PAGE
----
by Matt Bakker (Associate Professor of Sociology at Marymount University in Arlington, Virginia) and Mary Supley (volunteers as the coordinator of the Immigration Issues Committee of Herndon-Reston Indivisible)
The rhetoric and policy initiatives of Donald Trump have challenged Democratic voters and
politicians to clarify their positions on immigration policy. As witnessed by the airport
protests when Trump first announced his “Muslim ban” to the more recent uproar over “kids in cages”, it is clear that Trump’s anti-immigrant politics are an affront to the pro-immigrant values of most Democrats and progressives. Unfortunately, our local Fairfax County government, even though it is dominated by Democratic politicians, has been unwilling to act in ways that are consonant with these pro-immigrant values; the feckless
resolution passed in April 2017 by the Board of Supervisors and School Board asserting that Fairfax County aspires to be a welcoming community contrasts sharply with the county’s deep and on-going collaboration with Immigration and Customs Enforcement (ICE) and its detention-to-deportation pipeline.
Fortunately, the County’s collaboration with ICE has become a campaign issue for
candidates for Board of Supervisors, School Board, Commonwealth Attorney, and Sheriff
preparing for the June primary and November general election. As members of the Fairfax
for All Coalition, we believe it is high time for people who value equity and respect the
dignity and rights of every person to take back the language of “sanctuary” and fight to
make our county a welcoming and inclusive place truly worthy of that title. The upcoming
elections provide us with a golden opportunity to do so. Instead of cowering in the face of
anti-immigrant fear-mongers such as Prince William County’s Corey Stewart, our local
leaders should take decisive action to stop our local complicity with the brutal deportation
policies put into place by ICE that generate fear in immigrant communities, break up
families, and undermine trust in local government and law enforcement.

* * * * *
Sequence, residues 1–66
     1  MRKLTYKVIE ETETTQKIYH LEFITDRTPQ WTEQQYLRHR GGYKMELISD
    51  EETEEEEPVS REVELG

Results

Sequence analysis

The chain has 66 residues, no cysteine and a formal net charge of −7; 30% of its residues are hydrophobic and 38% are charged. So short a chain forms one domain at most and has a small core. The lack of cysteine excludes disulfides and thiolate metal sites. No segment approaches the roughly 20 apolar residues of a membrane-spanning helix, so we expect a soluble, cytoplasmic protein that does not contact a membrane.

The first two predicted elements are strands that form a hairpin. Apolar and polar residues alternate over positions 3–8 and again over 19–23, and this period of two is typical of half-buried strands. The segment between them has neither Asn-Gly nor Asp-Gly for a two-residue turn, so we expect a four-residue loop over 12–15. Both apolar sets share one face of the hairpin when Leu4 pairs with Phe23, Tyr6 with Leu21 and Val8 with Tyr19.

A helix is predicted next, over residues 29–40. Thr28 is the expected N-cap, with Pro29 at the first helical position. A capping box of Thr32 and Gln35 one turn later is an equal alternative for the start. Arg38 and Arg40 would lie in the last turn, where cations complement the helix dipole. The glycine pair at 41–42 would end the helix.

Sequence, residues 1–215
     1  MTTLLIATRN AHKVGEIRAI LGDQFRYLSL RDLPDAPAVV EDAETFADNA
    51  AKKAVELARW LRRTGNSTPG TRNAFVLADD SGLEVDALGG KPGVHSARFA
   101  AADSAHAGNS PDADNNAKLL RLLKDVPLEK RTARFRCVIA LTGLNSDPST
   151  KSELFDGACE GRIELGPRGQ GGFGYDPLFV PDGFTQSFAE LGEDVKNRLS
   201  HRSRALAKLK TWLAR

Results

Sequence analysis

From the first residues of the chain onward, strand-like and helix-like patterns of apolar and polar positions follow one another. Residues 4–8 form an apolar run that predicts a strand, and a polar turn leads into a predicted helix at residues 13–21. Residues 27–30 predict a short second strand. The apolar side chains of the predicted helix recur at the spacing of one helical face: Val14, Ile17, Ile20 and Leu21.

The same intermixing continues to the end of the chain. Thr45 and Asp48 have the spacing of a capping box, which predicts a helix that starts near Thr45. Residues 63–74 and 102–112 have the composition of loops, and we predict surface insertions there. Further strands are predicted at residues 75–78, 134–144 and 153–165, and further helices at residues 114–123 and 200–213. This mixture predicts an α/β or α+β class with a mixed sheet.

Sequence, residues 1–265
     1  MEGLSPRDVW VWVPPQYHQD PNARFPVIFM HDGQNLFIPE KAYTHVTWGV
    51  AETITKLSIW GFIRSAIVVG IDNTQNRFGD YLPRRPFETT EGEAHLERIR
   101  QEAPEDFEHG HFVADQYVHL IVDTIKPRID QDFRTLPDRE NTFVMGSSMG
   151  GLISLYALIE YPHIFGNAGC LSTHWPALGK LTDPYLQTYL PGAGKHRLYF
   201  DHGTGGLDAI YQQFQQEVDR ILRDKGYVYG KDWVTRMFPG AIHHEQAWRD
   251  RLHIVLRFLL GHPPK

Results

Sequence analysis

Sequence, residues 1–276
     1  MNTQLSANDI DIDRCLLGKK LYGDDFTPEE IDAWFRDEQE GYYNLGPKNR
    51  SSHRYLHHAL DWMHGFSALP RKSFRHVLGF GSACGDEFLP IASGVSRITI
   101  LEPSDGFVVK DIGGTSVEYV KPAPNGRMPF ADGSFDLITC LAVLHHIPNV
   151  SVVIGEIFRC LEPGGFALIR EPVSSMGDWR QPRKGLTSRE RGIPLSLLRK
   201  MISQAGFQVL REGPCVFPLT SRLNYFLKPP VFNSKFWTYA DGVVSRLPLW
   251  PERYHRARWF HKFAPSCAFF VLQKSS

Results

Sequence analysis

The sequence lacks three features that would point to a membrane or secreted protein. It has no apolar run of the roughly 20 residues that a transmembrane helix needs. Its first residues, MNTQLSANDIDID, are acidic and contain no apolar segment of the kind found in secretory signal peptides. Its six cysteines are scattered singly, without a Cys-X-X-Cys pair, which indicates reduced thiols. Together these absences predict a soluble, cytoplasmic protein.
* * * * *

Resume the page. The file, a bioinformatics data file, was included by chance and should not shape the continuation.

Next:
Fairfax County, along with other Virginia localities, has a lot of work to do in this respect. The data on local cooperation with ICE gathered by Syracuse University’s “Transactional Records Access Clearinghouse” (TRAC) offer up some familiar and saddening truths. For example, from the nationwide rollout of the federal government’s high-tech “Secure Communities” program in February 2013 through November 2015 (when ICE stopped providing detailed information to TRAC), Virginia localities were among the most cooperative in the nation. Using the TRAC data, we calculated the “compliance rate” for all jurisdictions across the country; this measures the proportion of immigrants transferred into ICE custody following the issuance of a voluntary “detainer” request. Focusing on the 200 localities where ICE was most active during this period (measured by number of detainers issued), we find that Virginia counties occupy 5 of the top 13 spots on this unflattering list of the most cooperative localities in the country.
It is not much of a surprise that Loudoun County sits at number 3 on the list with a
compliance rate of 0.841, or that Prince William County comes in at number 11 with a rate of 0.761. What might come as more of a surprise, however, is that both Arlington County (0.800) and Fairfax County (0.731) also find themselves at the top of this notorious list, coming in at numbers 7 and 13, respectively. With compliance rates like this, our County governments were in the same company as Maricopa County, Arizona, and its blatantly discriminatory and anti-immigrant Sheriff Joe Arpaio. These numbers highlight just how faithfully our elected officials in Fairfax County and across the commonwealth cooperated with the federal government as it deported record numbers of immigrants in the first half of this decade.
There is ample reason to believe that this faithful cooperation continues apace. Internal data provided by the Fairfax County Sheriff’s Office shows that ICE continues taking custody of large numbers of immigrants. Between January and August 2018, for example, ICE took custody of 319 immigrants from the Fairfax County Adult Detention Facility – an average of 9 per week. Further, even after Sheriff Stacey Kincaid was rightfully lauded for canceling the County’s Inter-governmental Service Agreement with ICE and no longer holding immigrants on the basis of ICE detainers, her new policy of providing ICE with advance notice of a detainee’s release date and time resulted in 73 of 87 immigrants (83.9%) being turned over to ICE during the months of August and September 2018.
We can do better than this. While we often hear that local officials can’t do anything to limit their cooperation because of the constraints imposed by the Dillon Rule, this is just political heel-dragging. In his public statement announcing the veto of SB1156 and HB2270 — anti-sanctuary bills passed in the last session of the General Assembly — Governor Northam affirmed that local officials maintain “discretion to determine how they choose to engage with federal immigration agencies.” Our local political leaders should take advantage of this policy space and definitively put an end to the shameful complicity of the last decade. If the current members of the Fairfax County Board of Supervisors won’t act in ways that are consistent with our values, ending collaboration with ICE and making our community truly welcoming of all, then let’s vote in candidates who will!